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Termination with cause ... as well as without costs

Recently there was a prominent news story about an employee being dismissed due to addiction to computer chat, based on a Supreme Court judgement. In that particular case, the employer did not need to pay compensation.

Before the judgement in question, employers usually were obliged to pay carried-forward unused annual leave if they dismissed a staff member for a serious cause, based on the Labour Protection Act. However, if there was no serious cause for dismissal, the law called for payment in lieu of advance notice, severance payment and payment of unused annual leave for the current year and any leave carried forward.

Employees in the last cases often seek unfair termination damages from the Labour Court as well. Our experience shows the court will assess age, service period, hardship and the reason for dismissal and award damages of about one month's pay per year of service.

The judgement we referred to at the start involved an accountant who was still on probation. She was found using the company's computer to surf the internet for personal reasons and chat via computer during working hours for almost an hour every day. As a result, the company dismissed her immediately. The Supreme Court decided the accountant had an important role and was responsible to the company for working meticulously. Not doing so could cause severe damage to the business.

Under the terms of the law, the accountant wilfully disobeyed or regularly ignored her employer's orders, was absent from service, was guilty of gross misconduct, acted in a manner incompatible with due and faithful discharge of her duties and could be dismissed without notice or compensation. This meant the employer did not need to make a payment in lieu of advance notice.

Because the employee was dismissed during her probation period, she was not entitled to severance pay. If she had passed probation, the question would have been whether the misconduct was a serious offence that would have exempted the company from paying severance.

The Supreme Court dealt with a similar case in which an accountant used her personal computer to access the company system to contact a third party for a personal commercial matter. This was regarded as misusing electricity, telephones, equipment and company working time. She continued to do this despite five warnings before the company eventually terminated her employment with no compensation.

The Supreme Court agreed that due to her misconduct, the employee was not entitled to any payment in lieu of advance notice or unfair termination damages. However, as the company did not specifically state the reason for dismissal in its termination letter, it still needed to pay severance.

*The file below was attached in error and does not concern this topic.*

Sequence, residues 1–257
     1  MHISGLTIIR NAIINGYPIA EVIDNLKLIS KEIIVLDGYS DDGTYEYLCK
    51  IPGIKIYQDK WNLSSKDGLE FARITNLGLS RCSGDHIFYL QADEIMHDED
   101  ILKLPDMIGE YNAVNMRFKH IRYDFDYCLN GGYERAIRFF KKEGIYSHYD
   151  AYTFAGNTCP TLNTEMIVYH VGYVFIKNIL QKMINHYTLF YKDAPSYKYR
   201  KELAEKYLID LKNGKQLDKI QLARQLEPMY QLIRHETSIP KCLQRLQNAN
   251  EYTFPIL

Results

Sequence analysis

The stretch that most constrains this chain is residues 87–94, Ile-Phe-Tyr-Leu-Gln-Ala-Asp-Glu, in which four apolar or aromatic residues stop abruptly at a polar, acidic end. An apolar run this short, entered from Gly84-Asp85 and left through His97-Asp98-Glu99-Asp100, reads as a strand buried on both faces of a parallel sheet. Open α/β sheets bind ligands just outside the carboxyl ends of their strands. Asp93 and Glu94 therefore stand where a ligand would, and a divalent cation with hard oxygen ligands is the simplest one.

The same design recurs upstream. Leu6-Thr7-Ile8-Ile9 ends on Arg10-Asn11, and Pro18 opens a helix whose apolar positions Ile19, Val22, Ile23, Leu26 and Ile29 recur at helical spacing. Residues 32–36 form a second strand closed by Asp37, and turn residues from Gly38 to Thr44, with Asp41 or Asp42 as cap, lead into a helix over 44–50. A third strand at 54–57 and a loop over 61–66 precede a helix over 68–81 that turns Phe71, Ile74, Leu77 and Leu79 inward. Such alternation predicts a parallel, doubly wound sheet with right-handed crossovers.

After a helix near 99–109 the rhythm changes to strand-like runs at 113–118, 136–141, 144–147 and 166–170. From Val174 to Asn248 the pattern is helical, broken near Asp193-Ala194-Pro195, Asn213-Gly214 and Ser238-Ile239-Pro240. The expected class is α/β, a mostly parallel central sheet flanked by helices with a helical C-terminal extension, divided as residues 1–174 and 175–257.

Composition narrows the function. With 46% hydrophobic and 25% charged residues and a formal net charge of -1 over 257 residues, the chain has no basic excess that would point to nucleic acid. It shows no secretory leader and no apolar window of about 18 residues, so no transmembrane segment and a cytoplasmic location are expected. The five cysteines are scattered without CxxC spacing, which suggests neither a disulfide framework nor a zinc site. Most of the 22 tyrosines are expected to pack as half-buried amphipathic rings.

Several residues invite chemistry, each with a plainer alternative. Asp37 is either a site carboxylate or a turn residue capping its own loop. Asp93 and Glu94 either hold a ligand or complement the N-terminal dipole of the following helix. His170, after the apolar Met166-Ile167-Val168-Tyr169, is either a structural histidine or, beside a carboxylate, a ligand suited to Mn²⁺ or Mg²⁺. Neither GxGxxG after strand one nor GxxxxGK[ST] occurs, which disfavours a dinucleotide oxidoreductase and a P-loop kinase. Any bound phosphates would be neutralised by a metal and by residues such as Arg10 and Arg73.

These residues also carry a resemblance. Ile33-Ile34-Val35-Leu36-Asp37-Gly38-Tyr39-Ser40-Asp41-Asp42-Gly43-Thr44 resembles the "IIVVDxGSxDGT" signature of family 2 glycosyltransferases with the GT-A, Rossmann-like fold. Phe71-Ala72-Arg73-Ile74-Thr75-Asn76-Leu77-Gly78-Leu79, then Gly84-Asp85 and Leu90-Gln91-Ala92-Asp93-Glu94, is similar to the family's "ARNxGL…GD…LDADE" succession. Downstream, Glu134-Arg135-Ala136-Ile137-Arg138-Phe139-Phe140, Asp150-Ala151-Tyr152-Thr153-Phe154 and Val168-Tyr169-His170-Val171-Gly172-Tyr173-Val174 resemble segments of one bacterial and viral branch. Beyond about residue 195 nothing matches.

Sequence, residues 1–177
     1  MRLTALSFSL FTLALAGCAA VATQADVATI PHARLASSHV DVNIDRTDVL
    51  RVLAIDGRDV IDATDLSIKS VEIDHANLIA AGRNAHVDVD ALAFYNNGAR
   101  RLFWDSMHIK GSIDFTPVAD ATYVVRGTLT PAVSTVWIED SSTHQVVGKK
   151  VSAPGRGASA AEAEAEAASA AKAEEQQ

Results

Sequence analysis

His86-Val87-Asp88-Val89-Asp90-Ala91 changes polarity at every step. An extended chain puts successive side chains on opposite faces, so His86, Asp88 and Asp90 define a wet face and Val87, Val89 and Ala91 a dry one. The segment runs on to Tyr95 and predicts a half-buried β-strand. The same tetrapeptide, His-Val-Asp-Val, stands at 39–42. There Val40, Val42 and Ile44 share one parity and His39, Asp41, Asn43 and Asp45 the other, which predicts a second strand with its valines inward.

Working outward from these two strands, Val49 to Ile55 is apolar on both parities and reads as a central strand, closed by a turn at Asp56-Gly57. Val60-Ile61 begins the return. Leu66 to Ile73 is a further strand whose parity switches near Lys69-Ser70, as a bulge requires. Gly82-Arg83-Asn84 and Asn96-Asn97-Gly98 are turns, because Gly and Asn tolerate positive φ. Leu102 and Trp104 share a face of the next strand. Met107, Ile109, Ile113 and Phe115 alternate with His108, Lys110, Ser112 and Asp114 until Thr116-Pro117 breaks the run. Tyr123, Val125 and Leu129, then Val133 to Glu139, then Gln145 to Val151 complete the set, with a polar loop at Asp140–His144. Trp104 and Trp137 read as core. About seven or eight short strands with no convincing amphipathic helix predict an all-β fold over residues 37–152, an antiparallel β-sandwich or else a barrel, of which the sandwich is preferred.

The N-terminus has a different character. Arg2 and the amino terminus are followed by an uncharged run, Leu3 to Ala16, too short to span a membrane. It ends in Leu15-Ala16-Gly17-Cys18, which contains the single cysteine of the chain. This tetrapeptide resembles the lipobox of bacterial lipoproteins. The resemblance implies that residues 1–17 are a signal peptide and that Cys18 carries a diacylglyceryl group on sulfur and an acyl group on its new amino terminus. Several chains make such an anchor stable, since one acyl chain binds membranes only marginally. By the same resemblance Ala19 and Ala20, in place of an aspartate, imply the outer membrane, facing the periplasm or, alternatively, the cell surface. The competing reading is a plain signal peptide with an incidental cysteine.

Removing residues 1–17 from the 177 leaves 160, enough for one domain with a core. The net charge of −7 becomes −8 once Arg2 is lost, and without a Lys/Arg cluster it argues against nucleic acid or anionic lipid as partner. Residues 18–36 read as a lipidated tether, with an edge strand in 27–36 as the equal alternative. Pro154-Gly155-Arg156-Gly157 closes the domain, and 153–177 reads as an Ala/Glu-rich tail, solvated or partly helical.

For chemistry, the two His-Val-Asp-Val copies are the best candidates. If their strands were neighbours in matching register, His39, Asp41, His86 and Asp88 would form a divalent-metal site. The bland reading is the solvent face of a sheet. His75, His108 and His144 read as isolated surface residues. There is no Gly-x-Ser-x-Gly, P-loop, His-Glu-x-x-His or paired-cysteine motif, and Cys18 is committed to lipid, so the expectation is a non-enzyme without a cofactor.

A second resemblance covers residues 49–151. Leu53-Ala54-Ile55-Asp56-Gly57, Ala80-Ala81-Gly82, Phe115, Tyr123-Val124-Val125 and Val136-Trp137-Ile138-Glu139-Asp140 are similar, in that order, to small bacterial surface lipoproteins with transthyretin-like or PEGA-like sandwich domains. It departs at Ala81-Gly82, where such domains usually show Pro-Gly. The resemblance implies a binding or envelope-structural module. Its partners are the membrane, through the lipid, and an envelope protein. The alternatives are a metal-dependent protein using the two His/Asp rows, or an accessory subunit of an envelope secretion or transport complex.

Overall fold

The above implies that if the letter had stated the reason for dismissal clearly, severance pay would not have been required. To support this implication, there were cases where employers have dismissed employees for one of the following reasons:

being drunk during working hours;

misappropriating the employer's belongings; or

destroying another employee's car in the company parking lot.

In all these cases, the court ruled the behaviour was serious enough to terminate the employee without severance. In all the above judgements, the reason was stated clearly in the termination letter.

Considering all these cases together with mandatory requirements, termination with cause does appear to be difficult. However, what the facts tell us is if an employer has solid grounds to support the termination cause under the law — for example, by conducting a thorough investigation and preparing clear supporting documents such as warning letters and a detailed termination letter — then the employer would be ready if the case goes to court. The danger of needing to pay a high amount of damages would then be remote.

Any employer faced with the real situation of needing to fire staff must pose these questions:

What legitimate reasons can I give the employee and how do I reply to any counter arguments?

Where do I have to start and end the story?

How can I save as many costs as possible for the sacking?

Where can I find supporting evidence to back up my decision to terminate the staff member?

How many documents do I need to prepare in advance before the termination date?

Who should I enlist to help me prepare and carry out the process?

Very importantly, the preparation stage has to be put into motion well before the termination date, with full support from your HR team or a legal adviser who truly knows the labour laws and investigation tactics. Otherwise, the reason for dismissal won't be convincing enough in Labour Court as a termination with cause and subsequently without costs.

This article was written by Anuwat Ngamprasertkul, associate director of tax and legal Services at PwC Thailand. We welcome your comments at